Jews were accused of needing the blood of non-Jews in order to bake matzah, or to make the hamentaschen. Sometimes Jews were falsely accused of drinking blood.
Blood libel accusations spread throughout Europe and even into the Middle East. Between 1100s and 1500s, historians have documented about a hundred blood libel trials, most of which resulted in massacres of Jewish communities. In 1840 a major pogrom against Jews occurred in the Syrian city of Damascus after local Jews were charged with kidnapping and murdering a Christian priest. Thirteen Jewish leaders were tortured to extract confessions (four died), and 63 Jewish children were seized from their parents in an attempt to make their Jewish mothers and fathers confess.
In 1928 the blood libel even came to America. When a four-year-old girl disappeared from home in the upstate town of Massena, New York, local townspeople began claiming that local Jews had murdered her. The police chief ordered a local rabbi, Berel Brennglas, to come to central police headquarters and asked him whether it was true that Jews killed Christian children in order to use their blood in Jewish religious rituals. Outside, a threatening crowd gathered, convinced that local Jews were to blame. It was only later when the little girl was found safe and well that a potential pogrom prevented.
Shockingly, blood libels thrive today. In 2018, Facebook removed pages devoted to “Jewish Ritual Murder,” populated by users who repeated this baseless slur. Amazon continues to sell some books that present blood libels as fact.
In 2016, Russian-backed RT television quoted Palestinian officials who falsely claimed and Israeli “rabbi” had said it was permissible for Jews to poison wells that Arab people use and kill them. The 2003 Syrian hit tv show Ash Shatat portrayed Jews engaging in murder so they could use blood in religious rituals. Similar allegations have been featured in other popular shows across the Muslim world, including the 2002 Egyptian blockbuster miniseries Horseman without a Horse, which aired across the Middle East, and portrayed Jews secretly plotting to rule the world and oppress non-Jews.
After an earthquake struck Haiti on January 12, 2010, Israel sent one of the largest delegations of aid, and established a fully functioning hospital on the island. With the anti-Jewish suspicions that centuries of baseless blood libel accusations have spawned, it seemed natural when a member of Britain’s House of Lords reacted to Israel’s aid not with admiration, but with suspicion and hatred instead. Baroness Jenny Tongue, the Liberal Democrats’ Health Spokesperson in the chamber, demanded that Israel set up a committee to answer accusations (that only she was making) that Israeli doctors were working in Haiti only so they could harvest the organs of local residents.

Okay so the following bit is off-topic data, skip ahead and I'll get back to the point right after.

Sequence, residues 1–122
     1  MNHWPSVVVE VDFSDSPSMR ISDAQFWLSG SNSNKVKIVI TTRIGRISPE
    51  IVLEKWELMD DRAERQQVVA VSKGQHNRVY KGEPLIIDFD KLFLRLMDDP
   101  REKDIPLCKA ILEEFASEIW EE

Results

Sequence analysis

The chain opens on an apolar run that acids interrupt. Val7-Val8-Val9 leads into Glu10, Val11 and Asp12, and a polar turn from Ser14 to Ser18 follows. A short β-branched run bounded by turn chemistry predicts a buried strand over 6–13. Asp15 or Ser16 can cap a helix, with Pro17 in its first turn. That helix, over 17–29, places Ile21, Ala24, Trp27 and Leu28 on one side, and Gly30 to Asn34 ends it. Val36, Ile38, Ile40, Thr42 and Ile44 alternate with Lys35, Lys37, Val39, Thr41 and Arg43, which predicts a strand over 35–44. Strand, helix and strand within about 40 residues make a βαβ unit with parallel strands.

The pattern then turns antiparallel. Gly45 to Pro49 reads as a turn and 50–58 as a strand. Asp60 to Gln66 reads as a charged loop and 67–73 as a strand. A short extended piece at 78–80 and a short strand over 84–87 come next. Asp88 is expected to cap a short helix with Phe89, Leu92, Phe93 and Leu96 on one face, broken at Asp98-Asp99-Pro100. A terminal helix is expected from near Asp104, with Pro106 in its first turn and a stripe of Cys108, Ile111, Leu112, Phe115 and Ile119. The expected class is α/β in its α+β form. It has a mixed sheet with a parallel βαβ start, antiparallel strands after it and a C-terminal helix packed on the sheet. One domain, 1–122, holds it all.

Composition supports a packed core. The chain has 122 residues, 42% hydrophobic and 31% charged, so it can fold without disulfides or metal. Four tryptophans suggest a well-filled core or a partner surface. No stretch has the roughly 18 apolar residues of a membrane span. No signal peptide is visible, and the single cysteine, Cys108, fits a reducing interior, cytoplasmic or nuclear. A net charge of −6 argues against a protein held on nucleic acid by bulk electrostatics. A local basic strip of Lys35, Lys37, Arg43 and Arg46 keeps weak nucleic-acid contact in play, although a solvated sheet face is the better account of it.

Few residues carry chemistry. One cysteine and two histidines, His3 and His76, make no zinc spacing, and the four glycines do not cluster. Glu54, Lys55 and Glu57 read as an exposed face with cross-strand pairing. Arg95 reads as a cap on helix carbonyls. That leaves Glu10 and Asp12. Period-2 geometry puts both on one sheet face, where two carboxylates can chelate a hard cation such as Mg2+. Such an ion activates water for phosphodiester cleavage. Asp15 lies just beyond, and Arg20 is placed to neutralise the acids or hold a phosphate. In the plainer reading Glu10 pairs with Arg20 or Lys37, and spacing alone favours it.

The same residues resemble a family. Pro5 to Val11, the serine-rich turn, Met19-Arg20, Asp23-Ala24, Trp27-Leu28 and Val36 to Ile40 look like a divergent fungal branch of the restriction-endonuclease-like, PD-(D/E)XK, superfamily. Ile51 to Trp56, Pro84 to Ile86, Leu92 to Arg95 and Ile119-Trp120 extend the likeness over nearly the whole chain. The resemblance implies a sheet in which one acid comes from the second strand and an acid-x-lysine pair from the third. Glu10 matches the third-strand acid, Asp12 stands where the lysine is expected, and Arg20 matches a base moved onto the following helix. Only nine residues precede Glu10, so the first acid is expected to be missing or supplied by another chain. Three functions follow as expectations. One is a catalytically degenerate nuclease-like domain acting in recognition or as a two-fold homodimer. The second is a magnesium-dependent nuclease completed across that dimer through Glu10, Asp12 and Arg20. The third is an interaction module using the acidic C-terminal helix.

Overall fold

Repeating these horrible slurs only serves to heighten dislike, suspicion and hatred of Jews. It has no place on American television.
The ancient blood libel contributes to a pervasive feeling that Jews are somehow untrustworthy, dangerous and evil. So do untrue slurs that Jews somehow seek to control others. Those negative feelings towards Jews have real consequences. A 2019 poll found that large numbers of Europeans believe Jews exercise a malevolent power over non-Jews, much like the “lizard people” in The Umbrella Academy. In the recent ADL study 71% of Ukrainians, 71% of Hungarians, 56% of Poles and 50% of Russians agreed with the statement that Jews “have too much power” in the financial and business world.
Jews are the most frequent targets of religiously-motivated hate crimes in the United States: despite being less than 2% of the population of the United States, Jews are the subject of nearly 60% of all religiously motivated crimes.
It’s likely that the writers of Lovecraft Country and The Umbrella Academy never thought of their recent episodes as anti-Jewish. But giving a character who secretly lures, tortures and kills non-Jews an unmistakable Jewish-sounding name has a terrible history. Creating characters who echo extreme anti-Jewish conspiracy theories perpetuates the false belief that Jews are alien, different, strange, and somehow seek to control or dominate others.
Repeating these horrible slurs only serves to heighten dislike, suspicion and hatred of Jews. It has no place on American television, or any place else.